drive out from San Diego to Las Vegas for Interbike I did a little math,
something that probably isn’t such a good thing when I’m driving (or anytime for that matter). Through my superb
addition and subtraction skills, I figured out that 2012 is the 17th
consecutive Interbike I’ve attended, having been every
year since I was 16 years old. Bikes have evolved dramatically over those 17
years, and I’ve grown up (so to speak); but
the one thing that is unchanged is the excitement I feel when I get to the show,
the youthful enthusiasm to see and ride the newest products out there.
The show hadn't even officially started this year before I was
already demoing new products. SRAM had lined up a ride leaving from The Strip
and taking us to the Outdoor Demo, 25 miles away. I figured a nice mellow ride
would be the perfect way to kick off yet another Interbike, and allow me an
opportunity to test the re-designed Quarq power meter. But, SRAM decided to
turn the tables on us and rather than us test the Quarq, the Quarq would test
us! The team at SRAM are eager to point out that the Quarq power meter isn's just another component or accessory on the bike, it's an important tool that, if used correctly, can be an integral part in ones training program.
SRAM took over the parking garage at the Venetian in order to get us and our equipment dialed in before the big test.
rolling out of the makeshift ride headquarters in the parking garage of the
Venetian, Quarq’s “mad scientist”, Troy Hoskins, recorded our
body weight, half of the all important power to weight ratio; the second part
of the equation would be coming next.
We kept a
leisurely pace for the better part of 20 miles since we had been forewarned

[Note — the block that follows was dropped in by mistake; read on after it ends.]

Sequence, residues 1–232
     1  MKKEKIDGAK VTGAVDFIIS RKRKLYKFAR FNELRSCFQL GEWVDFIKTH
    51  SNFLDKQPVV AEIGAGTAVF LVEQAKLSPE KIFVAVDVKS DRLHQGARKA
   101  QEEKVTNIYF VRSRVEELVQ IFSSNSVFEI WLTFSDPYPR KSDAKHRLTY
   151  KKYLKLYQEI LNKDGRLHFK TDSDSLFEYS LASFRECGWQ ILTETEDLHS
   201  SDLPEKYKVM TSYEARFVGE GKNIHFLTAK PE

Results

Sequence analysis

about the ensuing Strava Segment that would serve as a 5 min power test towards
the end of the ride. Once we reached the stretch of road (it was actually a
bike path) that would forever validate who the fastest journalist was, we
stopped and got the final instructions from SRAM’s Michael Zellman: “Follow the path, watch out for the two gates, and don’t crash. Oh yeah, go hard.” Ok, got it. I sprinted away,
not exactly knowing where the bike path was
even taking me, and never daring to look down at my Garmin 500 to see my power
numbers. I went as hard as I could and managed not to crash, mission
The re-designed Quarq is dramatically more streamlined. With the electronics now being located within the spider and the switch to a smaller CR2032 battery, the power meter is on par with the sleek looks of an SRM. A Quarq with Red BB30 cranks runs $2045, or $1995 for the 24mm GXP spindle.
into the pits at Outdoor Demo and straight over to the SRAM’s power lab tent to see why it was we pushed ourselves so
hard that our lungs were still seared from the dry desert air. After
downloading our Garmins, Troy began his presentation on why we did an all-out 5
minute effort, and how a power meter can be a beneficial training tool.
After performing our test, then dividing power into our weight in kilograms, it was easy to see where our strengths and weaknesses lay. A sprinter is naturally going to have much higher 5 seconds and 1 minute power than a time trialist, but a power meter will allow you to target certain areas for improvement.
our 1 minute and 5 minute power numbers, divided by our weight in kilograms,
Troy came up with our power to weight ratios for each of the two durations. He
then compared them with collected data from all levels of cyclists, ranging
from World Class all the way down to Category 5. Figuring out your power to
weight ratio for a given duration is hardly a new idea, or even an idea from
Quarq; but since the vast majority of power meter users don’t use them up to their true potential as a training tool,
Quarq wanted to take the opportunity to not only show us their new tool, but
also how to use it.
After Troy made us feel special about our own power data, he deflated our egos by showing us Peter Velits' power file from a stage of the Tour. There's a reason why he makes a living riding a bike and we don't.